On Tuesday RIM and AT&T formally announced the latest BlackBerry handset and it’s called the BlackBerry Torch. It’s BB’s first slider smartphone, and it comes with a full QWERTY keyboard BB users are accustomed to. Let’s run through the specs, shall we? The Torch packs a 3.2″ (360 x 480) capacitive touch screen display, 5.0MP camera with flash, auto focus, image stabilization and geo-tagging, built-in GPS and 802.11n WiFi, quadband 3G radio, and 512MB of Flash memory with 4GB on-board and a microSD/SDHC memory card slot for additional storage (up to 32GB supported). It measures 4.4″ x 2.4″ x 0.57″ when closed and 5.8″ x 2.4″ x 0.57″ when the slider keyboard is out. Face buttons include start/end calls, main menu, back, and an optical trackpad. The Torch will be the very first BB to run the just detailed BlackBerry 6 operating system. This means it will include the fast Webkit browser (for which it was named after–RIM recently bought a company named Torch Mobile), integrated social feeds, a new multimedia experience, and universal search. The phone will be made available to purchase on August 12 for $199.99 on a new two-year contract with AT&T at Best Buy, Wal-Mart, RadioShack, and AT&T stores.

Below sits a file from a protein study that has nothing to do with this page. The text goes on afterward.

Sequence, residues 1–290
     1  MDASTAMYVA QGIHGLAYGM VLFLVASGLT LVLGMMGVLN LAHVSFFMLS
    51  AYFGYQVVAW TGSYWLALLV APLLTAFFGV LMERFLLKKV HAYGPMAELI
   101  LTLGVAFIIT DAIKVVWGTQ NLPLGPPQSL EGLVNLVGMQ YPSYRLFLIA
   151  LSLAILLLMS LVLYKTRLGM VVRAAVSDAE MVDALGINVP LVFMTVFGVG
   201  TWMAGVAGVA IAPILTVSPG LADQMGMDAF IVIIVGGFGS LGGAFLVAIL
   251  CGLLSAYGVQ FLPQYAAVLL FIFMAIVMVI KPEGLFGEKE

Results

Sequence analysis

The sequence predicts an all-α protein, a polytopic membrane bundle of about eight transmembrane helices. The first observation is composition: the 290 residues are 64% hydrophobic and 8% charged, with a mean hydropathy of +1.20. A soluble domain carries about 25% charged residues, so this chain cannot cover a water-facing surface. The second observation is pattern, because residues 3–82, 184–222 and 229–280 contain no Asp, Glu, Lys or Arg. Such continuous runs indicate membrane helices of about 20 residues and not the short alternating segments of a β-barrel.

The brand new form factor is extremely compelling. It’s the new OS, which seems to be following the pack and not making its own strides, that I am worried about. Look in the gallery below for press shots and after the break for the PR and two “launch videos”.
Today Apple held a press conference to address the iPhone 4 antenna problem that’s been making waves in the news recently. Just to recap, the antenna problem occurs when an iPhone 4 user grips the lower left side of the phone. AT&T signal strengh drops from five bars to none at a rapid rate when the user touches and/or grips that specific part of the phone. An official statement from Apple advised users to hold their phones differently or slap on a case. A case would cover the vulnerable lower left side and result in better signal strength during day-to-day use. Today Jobs announced that Apple will begin offering their Bumper case for free for all iPhone 4 owners who purchase their device before September 30. In regards to extending the free case offer Apple says they will evaluate the situation again in late September. If you’ve already purchased a Bumper case, you can receive a full refund on it. Since Apple cannot manufacture enough Bumpers fast enough, they will offer a choice of free cases to choose from (these have not been specified yet). Starting late next week you can apply for a free case at Apple’s online store. And if you’re totally unsatisfied with your purchase you can get a full refund on the phone; Apple’s got a 30 day return policy and a restocking fee will not be applied.